On GZERO World, Ian Bremmer explores the escalating tension between the world's two biggest geopolitical and economic players—the US and China. With guest Zanny Minton Beddoes, Editor-in-Chief of The Economist, Bremmer discusses the modern history of China after the fall of the Soviet Union and why another Cold War might be inevitable.
On the GZERO World Podcast, Ian Bremmer explores the escalating tension between the world's two biggest geopolitical and economic players—the US and China. With guest Zanny Minton Beddoes, Editor-in-Chief of The Economist, Bremmer discusses the modern history of China after the fall of the Soviet Union and why another Cold War might be inevitable.
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On the latest episode of GZERO World with Ian Bremmer, Zanny Minton Beddoes, Editor-in-Chief of The Economist, explains why, in her view, Cold War analogies fall short as tensions between the US and China rise. Unlike the former Soviet Union, China is an economic powerhouse and a trade partner and technology provider to nations around the world. Simply cutting off ties with China seems untenable, but, as she asks, "How can you safely continue that integration, continue that interaction, with a country whose ideology you absolutely don't share, and that you fundamentally don't trust." The full episode of GZERO World begins airing on US public television on Friday, July 31, 2020. Check local listings.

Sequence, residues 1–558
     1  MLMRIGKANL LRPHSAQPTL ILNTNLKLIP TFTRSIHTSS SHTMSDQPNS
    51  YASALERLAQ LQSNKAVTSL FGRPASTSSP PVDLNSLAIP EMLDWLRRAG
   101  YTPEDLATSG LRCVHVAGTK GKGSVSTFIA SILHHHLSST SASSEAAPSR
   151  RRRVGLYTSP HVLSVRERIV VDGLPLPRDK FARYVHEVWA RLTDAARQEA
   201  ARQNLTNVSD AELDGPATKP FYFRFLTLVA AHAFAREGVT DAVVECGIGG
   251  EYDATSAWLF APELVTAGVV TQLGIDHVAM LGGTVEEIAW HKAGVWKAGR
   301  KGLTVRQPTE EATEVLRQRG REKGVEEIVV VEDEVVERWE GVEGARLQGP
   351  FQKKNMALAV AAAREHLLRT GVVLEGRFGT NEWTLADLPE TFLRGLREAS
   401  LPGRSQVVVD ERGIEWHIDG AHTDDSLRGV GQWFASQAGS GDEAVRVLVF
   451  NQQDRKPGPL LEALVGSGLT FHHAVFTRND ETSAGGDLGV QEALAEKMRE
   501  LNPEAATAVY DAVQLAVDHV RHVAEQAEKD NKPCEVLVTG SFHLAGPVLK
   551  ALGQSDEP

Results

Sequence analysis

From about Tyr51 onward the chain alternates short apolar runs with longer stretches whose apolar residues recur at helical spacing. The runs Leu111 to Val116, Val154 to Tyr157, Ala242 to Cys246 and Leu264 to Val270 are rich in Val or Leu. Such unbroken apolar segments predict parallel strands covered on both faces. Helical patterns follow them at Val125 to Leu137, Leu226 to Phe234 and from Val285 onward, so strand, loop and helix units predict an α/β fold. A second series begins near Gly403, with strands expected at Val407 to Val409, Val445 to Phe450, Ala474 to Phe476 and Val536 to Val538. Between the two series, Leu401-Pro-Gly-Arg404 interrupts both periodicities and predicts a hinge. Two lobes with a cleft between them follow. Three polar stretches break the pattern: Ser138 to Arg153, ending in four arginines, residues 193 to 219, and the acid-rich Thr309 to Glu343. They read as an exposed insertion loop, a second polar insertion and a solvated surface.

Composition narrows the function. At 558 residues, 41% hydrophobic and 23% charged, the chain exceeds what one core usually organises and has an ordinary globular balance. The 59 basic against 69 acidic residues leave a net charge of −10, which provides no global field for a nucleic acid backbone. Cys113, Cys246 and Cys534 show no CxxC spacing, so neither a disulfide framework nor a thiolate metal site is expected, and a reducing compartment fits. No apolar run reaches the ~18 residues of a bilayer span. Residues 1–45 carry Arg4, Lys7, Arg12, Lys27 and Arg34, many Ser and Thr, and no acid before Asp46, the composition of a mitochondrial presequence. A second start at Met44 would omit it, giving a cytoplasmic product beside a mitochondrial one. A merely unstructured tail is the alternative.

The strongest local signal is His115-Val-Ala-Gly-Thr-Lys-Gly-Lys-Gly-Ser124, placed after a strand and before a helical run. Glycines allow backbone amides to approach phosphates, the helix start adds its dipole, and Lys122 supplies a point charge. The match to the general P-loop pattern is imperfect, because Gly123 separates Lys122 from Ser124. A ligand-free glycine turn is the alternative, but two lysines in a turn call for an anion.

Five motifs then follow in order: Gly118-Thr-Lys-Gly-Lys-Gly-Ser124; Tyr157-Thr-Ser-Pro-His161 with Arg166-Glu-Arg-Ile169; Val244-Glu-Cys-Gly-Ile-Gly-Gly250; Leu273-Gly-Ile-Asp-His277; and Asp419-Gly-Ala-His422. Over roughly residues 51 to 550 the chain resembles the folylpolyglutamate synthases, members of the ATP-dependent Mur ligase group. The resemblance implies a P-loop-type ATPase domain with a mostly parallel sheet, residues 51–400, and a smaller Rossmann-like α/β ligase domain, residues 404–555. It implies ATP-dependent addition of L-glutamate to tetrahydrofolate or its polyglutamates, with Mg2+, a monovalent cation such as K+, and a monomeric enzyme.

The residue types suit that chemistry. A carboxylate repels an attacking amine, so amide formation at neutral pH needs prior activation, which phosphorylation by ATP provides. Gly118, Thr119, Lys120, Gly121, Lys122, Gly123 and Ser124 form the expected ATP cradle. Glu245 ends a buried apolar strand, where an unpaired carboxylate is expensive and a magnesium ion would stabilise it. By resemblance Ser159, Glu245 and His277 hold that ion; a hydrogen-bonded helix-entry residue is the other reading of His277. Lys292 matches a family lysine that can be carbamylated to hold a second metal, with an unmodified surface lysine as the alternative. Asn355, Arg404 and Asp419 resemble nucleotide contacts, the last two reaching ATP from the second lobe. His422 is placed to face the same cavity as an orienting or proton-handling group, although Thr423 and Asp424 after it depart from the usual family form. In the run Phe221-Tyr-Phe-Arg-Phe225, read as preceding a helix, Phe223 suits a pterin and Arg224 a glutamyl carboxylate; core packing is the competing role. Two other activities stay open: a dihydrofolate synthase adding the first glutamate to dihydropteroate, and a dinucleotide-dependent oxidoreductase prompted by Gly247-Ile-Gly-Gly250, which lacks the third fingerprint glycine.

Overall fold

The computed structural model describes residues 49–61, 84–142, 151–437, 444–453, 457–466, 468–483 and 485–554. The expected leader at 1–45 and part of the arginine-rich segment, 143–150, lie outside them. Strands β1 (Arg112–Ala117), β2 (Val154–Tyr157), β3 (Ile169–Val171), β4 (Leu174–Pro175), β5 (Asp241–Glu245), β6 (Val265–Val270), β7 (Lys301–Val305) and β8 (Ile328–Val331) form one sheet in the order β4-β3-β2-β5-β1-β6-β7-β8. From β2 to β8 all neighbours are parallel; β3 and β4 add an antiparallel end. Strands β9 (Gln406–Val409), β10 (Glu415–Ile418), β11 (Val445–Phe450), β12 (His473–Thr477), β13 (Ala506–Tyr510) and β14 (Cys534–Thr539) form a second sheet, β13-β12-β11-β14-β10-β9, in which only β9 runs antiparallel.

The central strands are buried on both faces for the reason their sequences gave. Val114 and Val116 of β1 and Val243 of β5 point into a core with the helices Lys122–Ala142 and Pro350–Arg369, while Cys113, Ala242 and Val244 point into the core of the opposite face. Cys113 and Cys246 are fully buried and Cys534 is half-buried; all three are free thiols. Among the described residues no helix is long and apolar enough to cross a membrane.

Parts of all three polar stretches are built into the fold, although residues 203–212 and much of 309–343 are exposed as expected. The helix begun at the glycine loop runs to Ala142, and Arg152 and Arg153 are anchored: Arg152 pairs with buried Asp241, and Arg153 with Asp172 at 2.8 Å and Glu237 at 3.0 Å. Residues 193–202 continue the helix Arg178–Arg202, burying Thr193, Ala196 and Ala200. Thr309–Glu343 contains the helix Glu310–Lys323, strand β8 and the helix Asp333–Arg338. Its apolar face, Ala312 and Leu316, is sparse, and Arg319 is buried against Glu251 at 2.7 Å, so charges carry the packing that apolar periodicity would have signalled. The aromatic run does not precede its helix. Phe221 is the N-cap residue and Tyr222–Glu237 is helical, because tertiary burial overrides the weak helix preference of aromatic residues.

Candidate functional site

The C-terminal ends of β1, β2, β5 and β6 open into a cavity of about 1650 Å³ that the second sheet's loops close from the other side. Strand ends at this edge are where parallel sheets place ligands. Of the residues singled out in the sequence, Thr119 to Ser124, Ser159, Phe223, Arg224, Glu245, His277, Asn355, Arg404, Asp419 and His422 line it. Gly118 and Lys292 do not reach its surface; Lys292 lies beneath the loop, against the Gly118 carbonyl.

Ian Bremmer's Quick Take:
Yes, still in the middle of coronavirus, but thought I'd give you a couple of my thoughts on Russia. Part of the world that I cut my teeth on as a political scientist, way back in the eighties and nineties. And now Putin is a president for life, or at least he gets to be president until 2036, gets another couple of terms. The constitutional amendments that he reluctantly allowed to be voted on across Russia, passed easily, some 76% approval. And so now both in China and in Russia, term limits get left behind all for the good of the people, of course. So that they can have the leaders that they truly deserve. Yes, I'm being a little sarcastic here. It's sad to see. It's sad to see that the Americans won the Cold War in part, not just because we had a stronger economy and a stronger military, but actually because our ideas were better.
Because when those living in the former Soviet Union and the Eastern Block looked at the West, and looked at the United States, they saw that our liberties, they saw that our economy, was something that they aspired to and was actually a much better way of giving opportunities to the average citizen, than their own system afforded. And that helped them to rise up against it.
Have you ever read a major op-ed and thought to yourself, "no! no! no! That's just not right!" Us too. This week, Ian Bremmer is joined by analysts Kelsey Broderick and Jeffrey Wright to take the Red Pen to former World Bank president Robert B. Zoellick's Wall Street Journal op-ed.